Does Team Rudy Read This Blog?
I don't have any solid indication they do, but this Jason Horowitz bit in the Observer seems to indicate that some of our ideas are already having an impact. I quote in full because it's too good not to:
A few days ago this pro-Giuliani blog laid out an intriguing blueprint for the former mayor to follow as a way of getting around his inconvenient position on abortion rights and make it through a Republican primary.
One of the basic ideas (and Rudyblog has a much lengthier explanation here) that Giuliani shouldn't try to hedge on his pro-life position, but could seek to find common ground with social conservatives on abortion by advocating for strict constructionist judges. If those judges happen to find Roe v Wade unconstitutional, the thought goes, so be it.
In the course of reporting for the paper this week, I asked Tony Carbonetti [Rudy's right hand man] what he thought of the idea. As it turned out, he approves.
"He has a record of supporting conservative judges and appointing conservative judges here in New York," said Carbonetti, a senior Rudy advisor. "As with any chief executive he already has a record and anyone can look at that record."
Carbonetti also said that Giuliani has never stopped being himself -- "What you see is what you get" -- no matter how conservative the crowd he addresses.
But of course, if Giuliani can keep the focus on security issues and away from abortion, as he did during his trip to Illinois last week, so much the better.
Emphazing conservative judges is an idea of long and good standing that predates my abortion piece or even the creation of this blog. Rudy expressed his support for strict constructionist judges in August, and before (though indirectly) with the nominations of Roberts and Alito. What this confirms is that touting conservative judges is going to be part of the strategy. Good.
I'll also call everyone's attention to this second item from a Seattle alt paper that shows that Rudy may be moving on guns:
Speaking to a group of reporters at the Sheraton Hotel downtown, where he was hosting a $1,000—$2,100-a-plate fundraiser for McGavick on Monday, October 9, Giuliani said this: "I don't think [the assault-weapons ban] is one of the most critical issues right now." ...
Well, here's how Giuliani answered my question: "The assault-weapons ban is something I supported in the past." Since he supports McGavick now, I guess "special-interest politics"—or more aptly, partisan politics—have swept aside what he once saw as a matter of "life or death."
Combined with Rudy's full-throated support for marriage, we are seeing a clearly telegraphed signal from the Giuliani camp to do no harm on the issues that distance the Mayor from many Republican primary voters. You won't hear Rudy touting why he's pro-choice, or explaining his gun control positions from the past ad nauseam.
Waving off some of these questions is the appropriate thing to do now, in 2006. Now is not the time to roll out any major repositioning or to make news with new look social issue rhetoric. It'll just get drowned out in 2006 coverage, and place Rudy in the fray too soon.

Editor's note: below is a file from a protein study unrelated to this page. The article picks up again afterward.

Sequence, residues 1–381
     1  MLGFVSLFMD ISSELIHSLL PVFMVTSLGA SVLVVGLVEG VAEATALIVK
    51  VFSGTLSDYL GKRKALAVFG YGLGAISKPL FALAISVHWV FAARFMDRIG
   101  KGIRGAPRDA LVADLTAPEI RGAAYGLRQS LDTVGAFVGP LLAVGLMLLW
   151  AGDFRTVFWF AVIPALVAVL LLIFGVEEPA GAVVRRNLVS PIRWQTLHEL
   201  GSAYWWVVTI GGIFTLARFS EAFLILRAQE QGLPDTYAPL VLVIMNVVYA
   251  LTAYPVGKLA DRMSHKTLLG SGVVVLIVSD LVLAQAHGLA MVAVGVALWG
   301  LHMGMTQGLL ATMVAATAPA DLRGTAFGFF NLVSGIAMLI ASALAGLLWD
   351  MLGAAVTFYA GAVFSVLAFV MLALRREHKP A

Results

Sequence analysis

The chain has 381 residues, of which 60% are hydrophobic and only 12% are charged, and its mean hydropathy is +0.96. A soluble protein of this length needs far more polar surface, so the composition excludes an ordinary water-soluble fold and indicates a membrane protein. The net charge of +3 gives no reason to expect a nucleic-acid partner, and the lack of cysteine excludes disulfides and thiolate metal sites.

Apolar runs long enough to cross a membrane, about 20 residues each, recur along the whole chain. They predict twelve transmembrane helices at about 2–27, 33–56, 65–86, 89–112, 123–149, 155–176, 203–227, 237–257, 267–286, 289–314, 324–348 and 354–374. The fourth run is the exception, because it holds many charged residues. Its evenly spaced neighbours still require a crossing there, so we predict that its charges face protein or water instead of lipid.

What we should be seeing in 2007, however, is a concerted effort to develop some positive messaging around his positions on life and guns that gives wavering conservative supporters something solid to hang their hat on. Something along the lines of the other non-judge suggestions on the abortion checklist, though I'm not as presumptous to say that's the final word.
The abortion debate has changed since 2000, when Rudy last had to weigh in on these issues. Activist court decisions in other areas have shined an unfavorable light on Roe-like activism. The number of abortions has steadily diminished, highlighting the things we can do under current law to solve the problem. One good example is this Washington Post on the effectiveness of "life centers" that offer women sonograms of the babies they are thinking of aborting. Many of them get Federal funding, without the hue and cry normally associated with other outrages against "choice." I could easily see a pro-choice candidate embracing more federal funding for life centers as a common-sense solution. (The flip side: The Bush Administration has quietly approved "Plan B," and South Dakota pro-lifers are even touting it in referendum ads.) The point is this. With these new developments, there are many blanks in Rudy's position, and he has the opportunity to fill them in ways that lean towards life, while maintaining his underyling position.
I agree with the Rudy critics that Rudy won't be able to avoid these issues forever. He'll have to acknowledge their importance. He'll have to give pro-lifers a solid reason not to vote against him that involves convincing people why he will do nothing to threaten the values of the people who elected him. I suspect the answer here is the equivalent of Senator Arnold Vinick's marathon press conference at the San Andreo nuclear plant. Answer every question, and do it early. Amplify what you need to amplify, change what you need to change, reiterate what you need to reiterate. So when the attack ads start rolling, it's old news and pro-lifers have already accepted Rudy as an unofficial member of the family.
The intent here is not go all alarmist. I say this because I believe it's a win/win. If he gives pro-lifers convincing reasons he's not a threat, the nomination is his. Rudy's stuck with the same underlying position, "what you see is what you get," and that's ok, because that's the Rudy brand. But Mitt Romney's experience shows that Republican primary voters will give you wide latitude do what you need to do to on social issues. He was as pro-choice as the sky is blue in 2002 and now he's touted as the social conservative savior.
Likewise, conservatives are handing Rudy a life-raft on judges and federalism, and he should take it.